8. At my income, my daughter costs me 1/3 of our take home income, however she does save me a ton in taxes. But that means that I am used living on a much smaller income. I save only 15% of my income but once my daughter is out of the house? My expenses will drop like a rock and it is expenses to savings that matter not income to savings, IMO. Yes, I’ll work for 20-25 years but that is still less than most people.

  9. Jon Sheridan says:

    Darrow:

    I joined the “First Time Father Club @ 40″ a few years back. I’ve been thinking of this very issue a lot lately…so you’re article is timely per usual. If anything, my daughter has added a lot of joy as well as a heightened sense of responsibility to my life. More than ever, I want to get out of the corporate grinder and be available for her both early and often. I want to give her the gift of “options” down the road to pursue her passions vs chasing a buck like I’ve fallen into.

    • Thanks Jon, you hit on something that was important to me too. Making time for kids and setting an example for them. I think my own drive to financial independence was instrumental on both counts. Appreciate the good insight. Best wishes on that.

  10. I absolutely adore this post. I’ll need to read it more when I’m actually awake. :) Being 30, I’m definitely in the kids-or-no-kids phase of my life. I really want kids, but the costs terrify me. I always wondered if those estimates were accurate, so this post sheds really solid light on the real figures.

    • It is an installment plan: you don’t have to pay all at once. :-) And, if I can summarize the comments so far, most of us didn’t make the decision based on financial factors, at least not for the first one.

  11. at 60yo I’m ready to retire anytime I feel like it, have no kids but enough for a comfortable life for us as a couple with international travel anytime we feel like it.

    Having just survived a workplace job culling, all my colleagues were discussing retirement wishes and almost all said they would if they could, but scoffed at the possibility of affording to retire in the foreseeable future. The only male without kids, I was also the only one with enough to retire on my own funds – my single female boss was hanging out for her public service pension payout to be able to retire.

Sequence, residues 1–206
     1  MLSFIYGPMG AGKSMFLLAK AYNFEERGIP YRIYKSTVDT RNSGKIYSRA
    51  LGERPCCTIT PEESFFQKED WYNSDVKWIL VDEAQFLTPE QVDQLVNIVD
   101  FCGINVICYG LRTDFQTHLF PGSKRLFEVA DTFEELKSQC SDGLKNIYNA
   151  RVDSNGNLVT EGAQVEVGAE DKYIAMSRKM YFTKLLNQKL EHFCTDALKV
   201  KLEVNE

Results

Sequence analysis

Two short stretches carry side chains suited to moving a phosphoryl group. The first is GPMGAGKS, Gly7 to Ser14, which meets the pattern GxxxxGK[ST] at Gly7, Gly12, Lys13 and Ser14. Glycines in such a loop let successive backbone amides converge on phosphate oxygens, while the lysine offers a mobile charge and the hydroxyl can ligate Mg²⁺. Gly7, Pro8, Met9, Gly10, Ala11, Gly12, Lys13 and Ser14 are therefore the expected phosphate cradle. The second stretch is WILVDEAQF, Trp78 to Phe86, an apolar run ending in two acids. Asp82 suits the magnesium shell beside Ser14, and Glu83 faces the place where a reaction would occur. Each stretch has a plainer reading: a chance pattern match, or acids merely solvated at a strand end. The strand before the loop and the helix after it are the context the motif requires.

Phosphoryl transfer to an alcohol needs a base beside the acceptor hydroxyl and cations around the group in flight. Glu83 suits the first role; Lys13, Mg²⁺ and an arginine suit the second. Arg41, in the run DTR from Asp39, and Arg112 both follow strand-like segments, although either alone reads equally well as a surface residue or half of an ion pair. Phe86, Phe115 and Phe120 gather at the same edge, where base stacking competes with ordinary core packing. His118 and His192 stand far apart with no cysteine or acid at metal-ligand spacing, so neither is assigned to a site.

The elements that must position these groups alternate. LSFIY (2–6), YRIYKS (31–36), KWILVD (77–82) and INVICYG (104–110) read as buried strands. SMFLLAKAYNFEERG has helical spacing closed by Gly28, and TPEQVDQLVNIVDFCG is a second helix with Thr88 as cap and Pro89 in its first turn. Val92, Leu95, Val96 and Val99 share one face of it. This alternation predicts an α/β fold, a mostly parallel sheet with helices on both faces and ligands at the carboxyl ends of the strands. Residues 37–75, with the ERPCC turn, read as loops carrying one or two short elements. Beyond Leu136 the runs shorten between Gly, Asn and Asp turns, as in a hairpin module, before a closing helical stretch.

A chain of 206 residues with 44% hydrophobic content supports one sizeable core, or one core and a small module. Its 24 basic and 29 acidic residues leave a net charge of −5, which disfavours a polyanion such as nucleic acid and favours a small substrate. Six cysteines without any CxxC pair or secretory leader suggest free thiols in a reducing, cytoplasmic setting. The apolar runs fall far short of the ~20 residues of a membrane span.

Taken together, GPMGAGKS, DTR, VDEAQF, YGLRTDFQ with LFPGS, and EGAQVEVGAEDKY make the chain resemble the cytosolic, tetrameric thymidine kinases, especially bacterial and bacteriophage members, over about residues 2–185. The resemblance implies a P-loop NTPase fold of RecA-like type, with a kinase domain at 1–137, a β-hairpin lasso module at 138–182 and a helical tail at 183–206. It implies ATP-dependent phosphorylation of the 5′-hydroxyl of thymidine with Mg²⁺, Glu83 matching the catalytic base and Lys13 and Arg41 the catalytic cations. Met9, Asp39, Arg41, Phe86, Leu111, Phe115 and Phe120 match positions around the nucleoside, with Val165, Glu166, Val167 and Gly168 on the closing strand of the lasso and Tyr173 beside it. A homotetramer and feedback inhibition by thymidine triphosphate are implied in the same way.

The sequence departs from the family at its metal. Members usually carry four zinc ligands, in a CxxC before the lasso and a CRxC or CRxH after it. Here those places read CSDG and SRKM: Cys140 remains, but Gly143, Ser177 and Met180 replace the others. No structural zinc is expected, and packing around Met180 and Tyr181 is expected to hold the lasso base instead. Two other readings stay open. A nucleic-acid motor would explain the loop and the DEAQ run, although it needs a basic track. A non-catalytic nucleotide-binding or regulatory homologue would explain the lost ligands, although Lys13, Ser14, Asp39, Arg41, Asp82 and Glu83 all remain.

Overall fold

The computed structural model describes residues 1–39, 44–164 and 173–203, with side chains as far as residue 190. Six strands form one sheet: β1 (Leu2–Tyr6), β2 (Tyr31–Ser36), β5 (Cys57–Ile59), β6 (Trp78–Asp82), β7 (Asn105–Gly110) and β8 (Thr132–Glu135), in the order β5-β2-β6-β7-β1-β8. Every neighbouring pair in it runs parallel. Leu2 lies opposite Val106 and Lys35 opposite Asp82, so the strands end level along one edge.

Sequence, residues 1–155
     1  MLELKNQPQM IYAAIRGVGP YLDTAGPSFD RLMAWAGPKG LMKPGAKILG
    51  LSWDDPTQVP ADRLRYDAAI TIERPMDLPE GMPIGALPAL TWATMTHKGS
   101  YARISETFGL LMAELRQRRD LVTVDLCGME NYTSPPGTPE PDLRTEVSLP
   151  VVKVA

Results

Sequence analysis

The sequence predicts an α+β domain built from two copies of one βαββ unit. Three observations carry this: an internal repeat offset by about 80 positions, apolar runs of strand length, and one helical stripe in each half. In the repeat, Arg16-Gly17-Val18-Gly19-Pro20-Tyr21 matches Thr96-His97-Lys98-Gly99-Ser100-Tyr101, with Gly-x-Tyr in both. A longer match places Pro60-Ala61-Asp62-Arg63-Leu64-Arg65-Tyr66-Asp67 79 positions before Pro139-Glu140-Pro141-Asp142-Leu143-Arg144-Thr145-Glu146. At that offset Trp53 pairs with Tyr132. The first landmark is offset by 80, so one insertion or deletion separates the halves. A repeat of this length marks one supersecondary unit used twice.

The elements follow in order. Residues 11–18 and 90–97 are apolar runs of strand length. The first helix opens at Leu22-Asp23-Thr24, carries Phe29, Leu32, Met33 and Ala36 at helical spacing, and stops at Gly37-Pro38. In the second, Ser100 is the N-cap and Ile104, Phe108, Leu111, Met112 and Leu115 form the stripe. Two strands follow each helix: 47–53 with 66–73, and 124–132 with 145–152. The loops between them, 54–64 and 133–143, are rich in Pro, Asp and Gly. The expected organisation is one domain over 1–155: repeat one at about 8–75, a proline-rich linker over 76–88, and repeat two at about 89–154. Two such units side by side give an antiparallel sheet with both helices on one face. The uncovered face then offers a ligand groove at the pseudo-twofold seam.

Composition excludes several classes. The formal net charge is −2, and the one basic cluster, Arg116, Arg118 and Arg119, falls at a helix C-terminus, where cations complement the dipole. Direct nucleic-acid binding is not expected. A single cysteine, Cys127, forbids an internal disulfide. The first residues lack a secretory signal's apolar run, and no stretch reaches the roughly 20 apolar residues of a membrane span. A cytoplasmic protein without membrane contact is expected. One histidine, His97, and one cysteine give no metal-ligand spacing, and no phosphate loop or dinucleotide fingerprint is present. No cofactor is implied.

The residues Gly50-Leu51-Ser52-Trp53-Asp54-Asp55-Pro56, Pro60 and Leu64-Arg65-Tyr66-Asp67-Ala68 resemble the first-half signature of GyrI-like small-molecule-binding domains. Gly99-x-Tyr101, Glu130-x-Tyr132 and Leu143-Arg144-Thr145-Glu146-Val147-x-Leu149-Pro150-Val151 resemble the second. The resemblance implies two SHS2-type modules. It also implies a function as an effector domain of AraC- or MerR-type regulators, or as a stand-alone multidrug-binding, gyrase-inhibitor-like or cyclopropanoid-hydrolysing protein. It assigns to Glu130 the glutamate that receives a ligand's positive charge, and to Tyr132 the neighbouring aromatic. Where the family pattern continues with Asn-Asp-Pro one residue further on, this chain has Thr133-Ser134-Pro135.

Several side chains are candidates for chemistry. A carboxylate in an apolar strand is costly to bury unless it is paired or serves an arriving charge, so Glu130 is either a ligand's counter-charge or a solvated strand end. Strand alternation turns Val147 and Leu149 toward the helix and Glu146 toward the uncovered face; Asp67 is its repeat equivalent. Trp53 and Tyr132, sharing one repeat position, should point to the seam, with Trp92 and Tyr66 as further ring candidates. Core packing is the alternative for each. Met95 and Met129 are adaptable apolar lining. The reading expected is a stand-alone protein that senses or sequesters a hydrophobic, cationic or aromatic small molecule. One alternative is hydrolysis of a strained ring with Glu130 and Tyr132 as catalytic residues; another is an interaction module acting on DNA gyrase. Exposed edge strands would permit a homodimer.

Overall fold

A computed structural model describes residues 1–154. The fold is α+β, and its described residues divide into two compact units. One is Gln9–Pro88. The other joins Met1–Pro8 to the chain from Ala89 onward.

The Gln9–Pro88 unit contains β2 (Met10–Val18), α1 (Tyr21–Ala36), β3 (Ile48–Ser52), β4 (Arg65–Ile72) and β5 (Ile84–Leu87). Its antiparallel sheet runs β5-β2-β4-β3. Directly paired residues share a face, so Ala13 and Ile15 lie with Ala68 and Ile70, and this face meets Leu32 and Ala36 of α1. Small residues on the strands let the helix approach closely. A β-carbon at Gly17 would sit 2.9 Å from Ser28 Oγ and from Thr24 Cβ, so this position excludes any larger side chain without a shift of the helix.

I have lived frugally most of my life, and am very happy with life, my partner and no kids.

    I’ve read that we tend to return to our median happiness with or without kids – so if you were unhappy before, you’ll be unhappy after – kids do not add or deduct significantly from our baseline/median happiness.

    I can agree with my previous boss who when asked by his teenagers ‘why aren’t you a millionaire?’ – pointed to each of his kids and said ‘there’s a million!’ and ‘there’s a million!’ – as an actuary, he would have a very good head for figures …

    I doubt you’ll find any parent commenting here that they had kids but wished they hadn’t – there seems to be a great societal taboo against saying such a thing – I’ve only had it whispered to me once by a single mother ‘in retrospect I wouldn’t have’ – knowing she was safe talking to someone with no intention of having kids.

    I love kids and they love me – friend’s kids gravitate to play with me as I probably don’t have that worried look most parent’s seem to carry as a permanent expression – and I love to return them come witching hour. Then I feel even more content.

    • Thanks Frank. Interesting about returning to our median happiness. Makes sense. I don’t believe anybody else can “make” us happy, even our kids. Congrats on your financial independence, glad you’re content, and thanks for the comment.